under phoenician influence
From 1000 BC the power of the Phoenicians extended all over the Mediterranean.
The Phoenicians - a nation of traders from the present Lebanon - dominated the
most important trade routes and had strongholds at several points. Malta came
under Phoenician influence as well,
most probably since the 8th century BC. They called the island
, which meant something like 'safe harbour' in the Phoenician language. The
prehistoric temple of Tas-Silg was reconstructed and dedicated to the goddess
Astarte. In 1697 two candelabra were found with inscriptions in both the
Phoenician language and in Greek. These candelabra have been of great
importance for the deciphering of the Phoenician language. One of them is at
present in the Louvre in Paris, the other one is in the National Archaeological
Museum in Valletta.
The centre of power in the Phoenician empire shifted from the main land in
present Lebanon to the colony of Carthage in what is nowadays known as Tunisia.
Against the Carthaginians, the Romans fought several battles, the so called
During the second Punic war, in 218 BC, Malta fell into the hands of the
Romans. The Romans called the island
, probably a corruption of the Phoenician
. The present name Malta is derived from it.
The capital was also called Melita and was situated at the hilltop of the
present city of Mdina. But Melita was larger than Mdina and included parts of
In Rabat there are still some traces of the Roman presence in
Malta, like the mosaic floors of a Roman house from the 1st century AD.
Furthermore there are some catacombs in Rabat, subterranean burial complexes
that were in use during the Roman and early christian period.
saint paul's shipwreck
In the year 60 AD an event took place that is comprehensively described in the
Bible: the shipwreck of the apostle Paul
(Acts of the Apostles 27 and 28)
. According to the legend this shipwreck took place at St. Paul's Bay. Saint
Paul stayed in Malta for three months and performed a number of miracles, like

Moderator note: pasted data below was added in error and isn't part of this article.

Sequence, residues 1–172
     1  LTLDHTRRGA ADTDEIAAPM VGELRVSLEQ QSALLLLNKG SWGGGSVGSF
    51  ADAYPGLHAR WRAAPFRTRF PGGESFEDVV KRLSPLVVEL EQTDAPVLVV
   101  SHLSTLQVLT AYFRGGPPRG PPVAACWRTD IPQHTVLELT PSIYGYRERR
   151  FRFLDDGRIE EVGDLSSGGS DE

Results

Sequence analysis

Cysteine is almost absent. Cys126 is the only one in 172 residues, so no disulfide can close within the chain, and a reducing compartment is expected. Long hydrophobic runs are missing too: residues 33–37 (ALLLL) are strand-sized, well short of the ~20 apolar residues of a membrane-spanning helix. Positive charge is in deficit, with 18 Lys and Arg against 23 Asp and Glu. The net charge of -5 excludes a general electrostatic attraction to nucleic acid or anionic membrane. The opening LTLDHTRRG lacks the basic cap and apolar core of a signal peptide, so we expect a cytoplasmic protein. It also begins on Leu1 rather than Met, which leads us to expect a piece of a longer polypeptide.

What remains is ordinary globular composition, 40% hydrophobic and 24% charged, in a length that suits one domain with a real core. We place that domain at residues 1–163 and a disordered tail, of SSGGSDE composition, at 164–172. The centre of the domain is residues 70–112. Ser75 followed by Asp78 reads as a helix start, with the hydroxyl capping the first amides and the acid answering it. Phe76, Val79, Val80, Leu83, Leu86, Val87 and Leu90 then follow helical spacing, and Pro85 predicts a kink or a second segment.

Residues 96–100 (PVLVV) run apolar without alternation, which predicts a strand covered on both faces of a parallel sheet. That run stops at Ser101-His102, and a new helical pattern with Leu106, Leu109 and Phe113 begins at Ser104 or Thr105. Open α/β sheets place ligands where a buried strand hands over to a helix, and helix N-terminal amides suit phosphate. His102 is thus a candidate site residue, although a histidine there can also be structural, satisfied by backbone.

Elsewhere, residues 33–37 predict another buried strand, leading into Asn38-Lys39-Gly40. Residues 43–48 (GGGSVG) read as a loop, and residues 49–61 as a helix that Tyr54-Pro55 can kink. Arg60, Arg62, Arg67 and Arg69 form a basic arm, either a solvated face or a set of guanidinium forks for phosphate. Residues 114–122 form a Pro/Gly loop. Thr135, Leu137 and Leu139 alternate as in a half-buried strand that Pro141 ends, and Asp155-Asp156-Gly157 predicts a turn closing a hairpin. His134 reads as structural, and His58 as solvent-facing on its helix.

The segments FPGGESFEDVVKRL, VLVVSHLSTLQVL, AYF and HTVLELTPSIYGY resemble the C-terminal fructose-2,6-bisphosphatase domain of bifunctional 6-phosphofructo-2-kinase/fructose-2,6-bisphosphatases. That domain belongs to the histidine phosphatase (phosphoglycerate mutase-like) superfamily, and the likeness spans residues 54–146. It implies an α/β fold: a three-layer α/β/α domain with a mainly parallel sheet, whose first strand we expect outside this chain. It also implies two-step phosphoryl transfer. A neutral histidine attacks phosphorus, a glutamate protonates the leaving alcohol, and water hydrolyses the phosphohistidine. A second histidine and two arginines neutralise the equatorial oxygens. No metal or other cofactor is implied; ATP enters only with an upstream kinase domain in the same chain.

the healing of the father of Publius, the
Roman governor. Publius became the first bishop of Malta. Tradition has it,
that St. Paul converted the Maltese to christianity, but
there is no historical evidence to prove it. The first signs of the existence
of a christian community in Malta date back to not earlier than the fourth
century. Nevertheless Saint Paul is regarded as the one who brought
christianity to Malta; Saint Paul is the patron saint of Malta and the
cathedral of Mdina is dedicated to him.
There are not many Phoenician remains in Malta. The temple of
cannot be visited. In Gozo you can see the rock-cut Phoenician sanctuary at
Ras il-Wardija, behind the village of Kercem. To be able to find this temple, you will need a
good map and you should not be afraid of a long walk. In Western Malta you may
Phoenician tombs, most of which are indicated on good tourist maps.
Worthwhile is a visit to the Museum of Roman Antiquities in Rabat, usually
Here you can see the remains of a Roman patrician house,
of which some mosaic floors have been preserved reasonably well.
You can also visit several catacombs, like
St. Paul's Catacombs
St. Agatha's Catacombs, both in Rabat.
For those who want to follow in the footsteps of Saint Paul, a visit can be
San Pawl Milqi
in Burmarrad and
Saint Paul's Grotto
under the parish church of Rabat.